A ray of hope pierced the long-term gloom over Europe yesterday after a UK index of full-time employment rose and Greece delayed the deadline on a bond programme key to unlocking further aid.
Jobs in UK up as hope glimmers for Greece
A ray of hope pierced the long-term gloom over Europe yesterday after UKemployment rose and Greece delayed the deadline on a bond programme key to unlocking further aid.
British full-time hiring hit a 19-month high last month in a sign of "cautious optimism", KPMG and the Recruitment and Employment Confederation said yesterday.
"The negative outlook has been replaced by cautious optimism as employers gradually gain confidence," said Bernard Brown, KPMG's head of business services.
The gauge of permanent job placements reported by employment consultancies rose to 56 from 55 in October, the groups said yesterday. Readings above 50 indicate an increase in hiring.
A measure of hiring of temporary workers also climbed, to the highest since March last year, while full-time job vacancies rose at their fastest pace in 19 months.
However, "recovery is by no means certain and we need a few more months like this to suggest emerging trends are translating into a sustained period of growth in employment", said Mr Brown.
And the clouds of uncertainty are still very much in evidence over the rest of the United Kingdom.
Britain's economy is showing signs of cooling after emerging from recession in the third quarter with the strongest growth since 2007. A separate report yesterday showed Britons' confidence about keeping their jobs fell to its lowest level in four months last month, said Lloyds Bank. An index of job security dropped 5 points from October to minus 18, the lowest since July, the lender said.
In the euro zone, Greece, in an attempt to generate stronger participation in its key government bond buyback programme, yesterday extended the deadline for banks, funds and investors who own its debt to declare whether they will sell their holdings back at a heavy discount on their nominal value.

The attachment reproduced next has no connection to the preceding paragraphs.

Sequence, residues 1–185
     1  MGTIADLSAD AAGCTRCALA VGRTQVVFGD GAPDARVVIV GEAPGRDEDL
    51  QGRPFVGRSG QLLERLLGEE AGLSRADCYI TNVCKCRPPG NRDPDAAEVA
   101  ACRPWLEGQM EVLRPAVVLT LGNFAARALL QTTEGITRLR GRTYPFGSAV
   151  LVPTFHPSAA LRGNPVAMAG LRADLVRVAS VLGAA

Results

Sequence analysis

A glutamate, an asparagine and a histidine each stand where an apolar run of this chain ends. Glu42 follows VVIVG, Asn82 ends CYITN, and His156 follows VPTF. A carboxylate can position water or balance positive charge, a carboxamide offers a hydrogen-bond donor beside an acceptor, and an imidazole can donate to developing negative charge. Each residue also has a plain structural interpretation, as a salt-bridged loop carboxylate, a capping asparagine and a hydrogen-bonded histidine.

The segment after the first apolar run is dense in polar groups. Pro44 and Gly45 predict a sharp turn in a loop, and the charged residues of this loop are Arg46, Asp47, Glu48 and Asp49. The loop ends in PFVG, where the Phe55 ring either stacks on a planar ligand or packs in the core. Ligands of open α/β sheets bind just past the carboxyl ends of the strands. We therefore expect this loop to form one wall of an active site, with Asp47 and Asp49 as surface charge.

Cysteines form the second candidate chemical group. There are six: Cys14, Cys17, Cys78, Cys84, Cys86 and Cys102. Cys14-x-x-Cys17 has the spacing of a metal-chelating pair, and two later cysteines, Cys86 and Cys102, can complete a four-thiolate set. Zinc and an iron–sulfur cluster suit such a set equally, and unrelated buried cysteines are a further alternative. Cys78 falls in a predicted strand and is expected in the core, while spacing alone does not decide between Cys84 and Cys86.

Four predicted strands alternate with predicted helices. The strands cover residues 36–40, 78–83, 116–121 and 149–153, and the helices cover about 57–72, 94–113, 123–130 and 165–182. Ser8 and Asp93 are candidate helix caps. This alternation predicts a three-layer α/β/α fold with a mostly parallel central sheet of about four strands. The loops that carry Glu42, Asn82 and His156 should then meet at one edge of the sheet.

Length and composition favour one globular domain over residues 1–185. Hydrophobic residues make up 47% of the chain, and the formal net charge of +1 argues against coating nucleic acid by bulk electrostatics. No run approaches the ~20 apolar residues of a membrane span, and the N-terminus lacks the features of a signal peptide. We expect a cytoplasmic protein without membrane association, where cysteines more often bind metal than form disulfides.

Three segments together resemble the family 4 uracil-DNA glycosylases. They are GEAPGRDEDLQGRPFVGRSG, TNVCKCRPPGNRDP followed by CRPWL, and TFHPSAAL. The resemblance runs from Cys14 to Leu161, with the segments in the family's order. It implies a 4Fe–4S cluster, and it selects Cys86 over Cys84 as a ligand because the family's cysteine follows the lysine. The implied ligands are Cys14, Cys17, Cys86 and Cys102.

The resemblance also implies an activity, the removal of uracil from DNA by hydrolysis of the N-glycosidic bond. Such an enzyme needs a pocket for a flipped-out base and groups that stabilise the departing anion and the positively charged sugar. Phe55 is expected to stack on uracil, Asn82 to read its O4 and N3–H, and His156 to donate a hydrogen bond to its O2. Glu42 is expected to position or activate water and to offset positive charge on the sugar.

The public debt management agency (PDMA) said bondholders now had until 4pm today to make up their minds.
Greece was near its target in the buyback with the amount offered close to €30 billion (Dh142.32bn), an official at the Greek finance ministry said on condition of anonymity, referring to the face value of the securities.
The original deadline expired on Friday, with Greece's largest banks saying they would participate.
The programme aims to cut some €20bn from the crisis-hit country's debt load and ensure it continues to get its international bailout loans. The government plans to spend about €10bn in European funds on the buyback, offering between 30 and 40 per cent of the bonds' face value.
Stelios Papadopoulos, the head of the PDMA, insisted yesterday bondholders were being offered a good deal.
"Greece will continue to engage with its official sector creditors in considering further steps to put its debt on a sustainable path," he said. "Future measures may not involve an opportunity to exit investments in [designated Greek bonds] at the levels offered for this buyback."
Greece is hoping on Thursday to receive a €34bn rescue loan instalment, after a six-month delay caused by two national elections and long-dragging negotiations with the European Union, IMF and European Central Bank over further demanded cutbacks.
Although Athens has now adopted the spending, welfare and income cuts - coupled with new tax hikes - to get the money, it still has to tie up the debt buyback over the next few days and table new tax laws. Domestic and overseas investors offered to sell back to Greece as much as €27bn of their holdings of the nation's bonds, state-run NET TV reported. Greek banks submitted offers of about €10bn, while foreign investors, including hedge funds, offered as much as €16bn, Greece's Kathimerini newspaper said.
Antonis Samaras, the prime minister, was upbeat on Sunday about the buyback. "I am convinced that by Monday or Tuesday, one will be able to say with relative certainty things have gone very well," he said.
* with agencies